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Quick post here . . . since barrel has sent me way up into catfish territory with this boat, Tom Stallings. Although the photo says it was built in 1919 in Charleston WV, the Charles Ward Shipyard records here do not list the boat. The 1929 records of the Chief of Engineers say that Tom Stallings replaced an earlier snag boat called Quapaw, a photo of which I located here. Although the Tenn-Tom exhibit is off my near-future itineraries for now, there’s a stern-wheeler snag boat saved and open to tours still out there, here. Has anyone been there?
Here’s another oldie that seems to have disintegrated into history, pipeline dredge Gillespie.
Many thanks to barrel for sending along these yellowed records.
I am in fact in catfish territory for a week, attending to family business.
Here was 55.
Sarah D until very recently was Helen D. Coppedge. Almost all these photos were taken by other people, but I add the next two I took in 2010 for comparison purposes.
Also, new–as in out-of-the-shipyard new . . . it’s Barry Silverton, with the Fight ALS barge. Click here for the story of the names. Many thanks to Allen Baker–click here for previous photos he’s shared– for this photo and to
Ted Bishop for the photo below.
This photo comes thanks to Renee Lutz Stanley. It’s Lyman–I think–looking insignificant in one of the huge graving docks at the Brooklyn Navy yard. Click here for previous photos by Renee. Anyone know which dock this is?
With news of a wooden boat found under a house during a construction project in Highlands NJ still –well news– what you see below are photos of another wooden vessel found during a construction project in Boston. Many thanks to Tom Mann for these photos. Here are previous photos from Tom.
As soon as imaging is complete, it will be removed.
Archeologists at the site believe it was a 19th century vessel delivering lime.
Many thanks to Tom, Renee, Ted, Allen, and Glenn for photos used here.
Related: Here’s a story about a shipwreck discovered during construction of WTC1.
This is a repost of the 4th photo in the post from two days ago, showing General Humphreys.
I repost because Dan Owen responded as follows: “General Humphreys was rebuilt into a conventional tug in 1950, 76 x 18.2 x 6.6, reportedly had two GM 6-71 diesels, 330 hp., which would have made it away under-powered. Data is very sketchy but I have a photo taken at Levingston Shipbuilding Co., Orange, Tex., which is undated but may be where it was rebuilt. I am sending this photo as it is the only one I have showing the SARAH R. II as an operating tug. This is a contact photo made from an original negative and is starting to turn yellow with age, hence the fading, but if the photo was made in 1950 at the time of rebuilding.
Many thanks to Dan Owens for his quick follow up and permission to post these photos. Hats off to all of you out there working today, like Taft Beach.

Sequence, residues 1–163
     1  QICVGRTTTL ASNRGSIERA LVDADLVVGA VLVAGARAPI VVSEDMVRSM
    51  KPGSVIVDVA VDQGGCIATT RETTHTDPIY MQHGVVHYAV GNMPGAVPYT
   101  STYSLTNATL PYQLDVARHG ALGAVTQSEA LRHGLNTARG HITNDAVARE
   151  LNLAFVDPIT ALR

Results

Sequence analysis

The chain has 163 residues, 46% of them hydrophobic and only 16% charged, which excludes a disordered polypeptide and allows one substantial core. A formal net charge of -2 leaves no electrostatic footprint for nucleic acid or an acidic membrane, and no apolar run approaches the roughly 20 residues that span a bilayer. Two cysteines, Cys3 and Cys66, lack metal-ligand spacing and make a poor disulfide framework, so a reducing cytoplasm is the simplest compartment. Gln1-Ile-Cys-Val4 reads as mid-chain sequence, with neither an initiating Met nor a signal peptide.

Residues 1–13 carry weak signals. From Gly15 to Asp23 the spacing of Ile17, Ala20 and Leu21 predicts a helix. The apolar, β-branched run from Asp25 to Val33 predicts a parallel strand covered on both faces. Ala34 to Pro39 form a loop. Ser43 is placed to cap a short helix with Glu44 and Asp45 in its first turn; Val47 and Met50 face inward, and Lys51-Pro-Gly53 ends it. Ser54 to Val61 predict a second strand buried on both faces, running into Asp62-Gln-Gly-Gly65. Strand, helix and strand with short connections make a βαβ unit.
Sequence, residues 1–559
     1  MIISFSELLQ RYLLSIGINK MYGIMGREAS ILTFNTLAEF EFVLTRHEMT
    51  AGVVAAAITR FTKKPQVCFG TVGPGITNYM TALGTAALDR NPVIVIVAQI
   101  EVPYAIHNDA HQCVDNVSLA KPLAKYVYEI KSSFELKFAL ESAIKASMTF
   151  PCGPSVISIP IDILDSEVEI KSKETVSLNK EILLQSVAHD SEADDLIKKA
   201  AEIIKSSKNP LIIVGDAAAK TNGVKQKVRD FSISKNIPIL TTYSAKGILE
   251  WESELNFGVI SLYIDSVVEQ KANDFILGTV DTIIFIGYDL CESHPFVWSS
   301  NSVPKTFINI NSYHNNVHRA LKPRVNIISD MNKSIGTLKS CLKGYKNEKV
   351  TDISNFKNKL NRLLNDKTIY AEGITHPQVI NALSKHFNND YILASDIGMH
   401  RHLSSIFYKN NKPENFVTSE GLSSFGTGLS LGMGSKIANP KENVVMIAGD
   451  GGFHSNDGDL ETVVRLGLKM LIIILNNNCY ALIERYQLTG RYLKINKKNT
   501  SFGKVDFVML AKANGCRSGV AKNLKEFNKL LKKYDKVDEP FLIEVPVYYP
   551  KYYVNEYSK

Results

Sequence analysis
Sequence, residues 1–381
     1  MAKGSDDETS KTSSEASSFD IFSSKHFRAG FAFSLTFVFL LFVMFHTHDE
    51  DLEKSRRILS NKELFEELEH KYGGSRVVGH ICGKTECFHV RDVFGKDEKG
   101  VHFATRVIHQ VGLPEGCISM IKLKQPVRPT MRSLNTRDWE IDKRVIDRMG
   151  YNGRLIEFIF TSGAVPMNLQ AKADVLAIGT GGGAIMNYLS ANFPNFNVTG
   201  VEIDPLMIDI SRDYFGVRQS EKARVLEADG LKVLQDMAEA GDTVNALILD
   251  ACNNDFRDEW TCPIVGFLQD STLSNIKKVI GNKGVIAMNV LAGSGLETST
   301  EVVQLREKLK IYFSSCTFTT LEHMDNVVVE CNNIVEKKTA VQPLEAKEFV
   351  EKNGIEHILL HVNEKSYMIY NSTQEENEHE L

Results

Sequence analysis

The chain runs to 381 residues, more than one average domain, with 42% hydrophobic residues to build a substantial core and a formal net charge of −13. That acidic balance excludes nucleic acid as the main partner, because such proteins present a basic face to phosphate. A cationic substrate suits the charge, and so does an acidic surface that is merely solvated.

Here was the previous installment. And here were the cargos and places of summer. And if you missed it previously, here’s an article about Seaway Supplier I published in Professional Mariner last year. The first six photos are used with permission from Seaway Marine Group.
Trucks like the ones with the white tanks transport stocks of fish from hatcheries to water bodies, in this case Lake Ontario. Here’s the first time I noticed one of these trucks on the highway.
Off Oswego, it’s ready, aim,
Elsewhere at sites determined by the DEC . . . fish are brought in.
and the truck returns to shore for the next load.
The photos below all come thanks to Cathy Contant, who
works in the inlet and bay where I learned to swim almost 60 years ago. Back then, when a coal ship came in here, everyone had to get out of the water. But I digress.
How could I not recognize the lighthouse AND Chimney Bluffs way in the distance.
Here’s what Seaway Marine writes on their FB page: “We have transported 40 trucks, via 6 port locations stocking over 500,000 fish into Lake Ontario aboard our USCG certified landing craft, Seaway Supplier.”
Many thanks to Jake and Cathy for use of these photos.
If I read the nameplate right, this is the number Uno! According to barrel, it was built by the Corps Design Center. Was that then in Neponset MA at the Lawley yard? See June 1943. Anyone know the details of its loss?
DPC 66 was built in Decatur AL, and later was briefly a Pauline L. Moran before sold to Portugal where she was Mafra or Mafro.
DPC 70 and 71 were also produced in Decatur in 1944.
General Humphreys was a product of the Charles Ward Engineering. She was sold in 1946 and became Sarah R, but no further info.
Here’s another photo of Mateur, which appeared here about a month ago. At that point, Dan Owen’s comment refreshed my memory of these vessels and the vital “Catfish Navy.”
In spite of all the specific dates and numbers here, I have no clue . . . except that Tulagi appears to be on the namebaord. The date suggests that the vessel now known as Bloxon would have been here at this time as well.
Tunis was DPC 617, and
Casablanca was DPC 616, both more catfish navy.